Consumer Medicine Information
What is in this leaflet
This leaflet answers some common questions about Pharmorubicin RD.
It does not contain all the available information. It does not take the place of talking
to your doctor or pharmacist.
All medicines have risks and benefits. Your doctor has weighed the risks of using
Pharmorubicin RD against the benefits it is expected to have for you.
If you have any concerns about this medicine, ask your doctor or pharmacist.
Keep this leaflet.
You may need to read it again.
What Pharmorubicin RD is used for
Pharmorubicin RD is used in the treatment of various types of cancer. It may be used
alone or with other medicines.
Ask your doctor if you have any questions about why Pharmorubicin RD has been prescribed
Your doctor may have prescribed it for another purpose.
Pharmorubicin RD is only available with a doctor's prescription. It is not addictive.
Before you are given Pharmorubicin RD
When you must not be given it
Do not use Pharmorubicin RD if you have ever had an allergic reaction to epirubicin
(the active ingredient in Pharmorubicin RD), other medicines to treat cancer or any
of the ingredients listed at the end of this leaflet.
Symptoms of an allergic reaction may include shortness of breath, wheezing or difficulty
breathing; swelling of the face, lips, tongue or other parts of the body; rash, itching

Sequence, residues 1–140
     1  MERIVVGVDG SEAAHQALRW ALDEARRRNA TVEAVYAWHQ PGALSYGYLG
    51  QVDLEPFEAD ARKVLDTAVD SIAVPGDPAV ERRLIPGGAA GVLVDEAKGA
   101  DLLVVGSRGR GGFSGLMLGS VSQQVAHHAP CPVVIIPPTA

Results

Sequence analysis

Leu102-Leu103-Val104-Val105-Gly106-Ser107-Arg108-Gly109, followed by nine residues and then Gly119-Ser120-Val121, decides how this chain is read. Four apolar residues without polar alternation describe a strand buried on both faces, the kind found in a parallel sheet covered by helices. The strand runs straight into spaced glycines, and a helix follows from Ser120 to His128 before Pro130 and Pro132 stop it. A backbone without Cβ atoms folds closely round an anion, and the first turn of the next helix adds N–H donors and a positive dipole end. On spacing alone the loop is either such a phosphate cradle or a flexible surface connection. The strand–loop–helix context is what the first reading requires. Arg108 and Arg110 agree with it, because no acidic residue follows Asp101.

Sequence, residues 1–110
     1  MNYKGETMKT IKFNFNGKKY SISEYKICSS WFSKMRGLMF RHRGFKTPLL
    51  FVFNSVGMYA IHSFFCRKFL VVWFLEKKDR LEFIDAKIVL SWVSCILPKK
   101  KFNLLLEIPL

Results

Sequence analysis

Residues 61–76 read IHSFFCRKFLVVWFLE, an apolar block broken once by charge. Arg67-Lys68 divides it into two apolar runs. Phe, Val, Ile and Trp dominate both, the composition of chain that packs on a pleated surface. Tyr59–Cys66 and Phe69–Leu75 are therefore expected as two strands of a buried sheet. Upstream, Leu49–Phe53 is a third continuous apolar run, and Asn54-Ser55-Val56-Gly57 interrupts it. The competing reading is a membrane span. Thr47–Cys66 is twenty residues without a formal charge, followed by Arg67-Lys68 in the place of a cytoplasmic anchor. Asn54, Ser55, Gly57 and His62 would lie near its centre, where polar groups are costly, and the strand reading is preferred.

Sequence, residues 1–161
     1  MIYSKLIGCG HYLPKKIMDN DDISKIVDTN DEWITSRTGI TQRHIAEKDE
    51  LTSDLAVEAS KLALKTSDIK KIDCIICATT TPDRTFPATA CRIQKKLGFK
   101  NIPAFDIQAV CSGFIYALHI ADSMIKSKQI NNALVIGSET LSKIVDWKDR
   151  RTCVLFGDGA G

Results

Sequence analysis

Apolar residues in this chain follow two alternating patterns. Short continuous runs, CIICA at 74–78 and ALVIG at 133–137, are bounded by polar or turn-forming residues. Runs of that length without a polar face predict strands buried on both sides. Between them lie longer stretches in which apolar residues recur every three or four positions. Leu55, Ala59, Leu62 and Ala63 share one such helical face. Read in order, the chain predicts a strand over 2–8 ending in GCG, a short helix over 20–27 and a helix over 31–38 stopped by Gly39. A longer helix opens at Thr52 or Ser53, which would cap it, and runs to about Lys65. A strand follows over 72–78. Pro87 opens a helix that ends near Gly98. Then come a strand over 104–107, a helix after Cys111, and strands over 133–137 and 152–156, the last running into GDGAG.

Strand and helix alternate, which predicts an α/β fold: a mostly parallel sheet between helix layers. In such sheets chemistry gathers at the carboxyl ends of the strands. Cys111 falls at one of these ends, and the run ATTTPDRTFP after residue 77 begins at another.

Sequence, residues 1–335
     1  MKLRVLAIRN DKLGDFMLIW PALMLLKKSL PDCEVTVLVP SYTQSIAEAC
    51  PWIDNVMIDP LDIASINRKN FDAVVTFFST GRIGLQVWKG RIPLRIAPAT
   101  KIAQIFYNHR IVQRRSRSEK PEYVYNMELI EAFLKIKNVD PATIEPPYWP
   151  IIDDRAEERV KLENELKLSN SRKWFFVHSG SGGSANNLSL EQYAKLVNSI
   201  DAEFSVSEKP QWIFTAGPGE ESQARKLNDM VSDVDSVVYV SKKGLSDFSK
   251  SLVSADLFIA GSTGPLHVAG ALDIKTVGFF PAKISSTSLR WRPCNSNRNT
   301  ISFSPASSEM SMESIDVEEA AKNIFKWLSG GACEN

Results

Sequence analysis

or hives on the skin.
Do not use the medicine for injection into a vein if you have:
a low number of red blood cells, white blood cells or platelets in your blood
sore, red mouth from previous treatment or radiation therapy
severe liver problems
heart problems or have ever had heart problems
already received the highest dose allowed for medicines such as mitozantrone, mitomycin
C, doxorubicin or daunorubicin.
Do not use the medicine for injection into the bladder if you have:
cancer that has gone into the bladder wall
kidney or urinary tract infection
swollen or inflamed bladder
problems with a catheter (a tube in your bladder)
blood in the urine.
Do not use Pharmorubicin RD if you are pregnant.
Pharmorubicin RD may harm the unborn child.
Do not use Pharmorubicin RD if you are breastfeeding.
You should not breastfeed while taking Pharmorubicin RD.
Do not use this medicine after the expiry date printed on the pack or if the packaging
is torn or shows signs of tampering.
Before you are given it
You must tell your doctor if you:
have heart problems or have ever had heart problems
have liver problems
have kidney problems
have had radiation therapy previously or are having radiation therapy
have been treated previously with medicines to treat cancer
you are going to be vaccinated (have an injection to prevent a certain disease)
are planning to have children
Pharmorubicin RD may decrease the fertility of men and women.
If you have not told your doctor about any of the above, tell your doctor before you
start using Pharmorubicin RD.
Taking other medicines
Tell your doctor if you are taking any other medicines, including medicines that you
buy without a prescription from a pharmacy, supermarket or health food shop.
Some medicines and Pharmorubicin RD may interfere with each other. These include:
medicines used to treatment cancer such as:
other medicines to treat cancer.
medicines used to treat angina or high blood pressure such as:
cimetidine ( a medicine used to treat heartburn or stomach ulcers).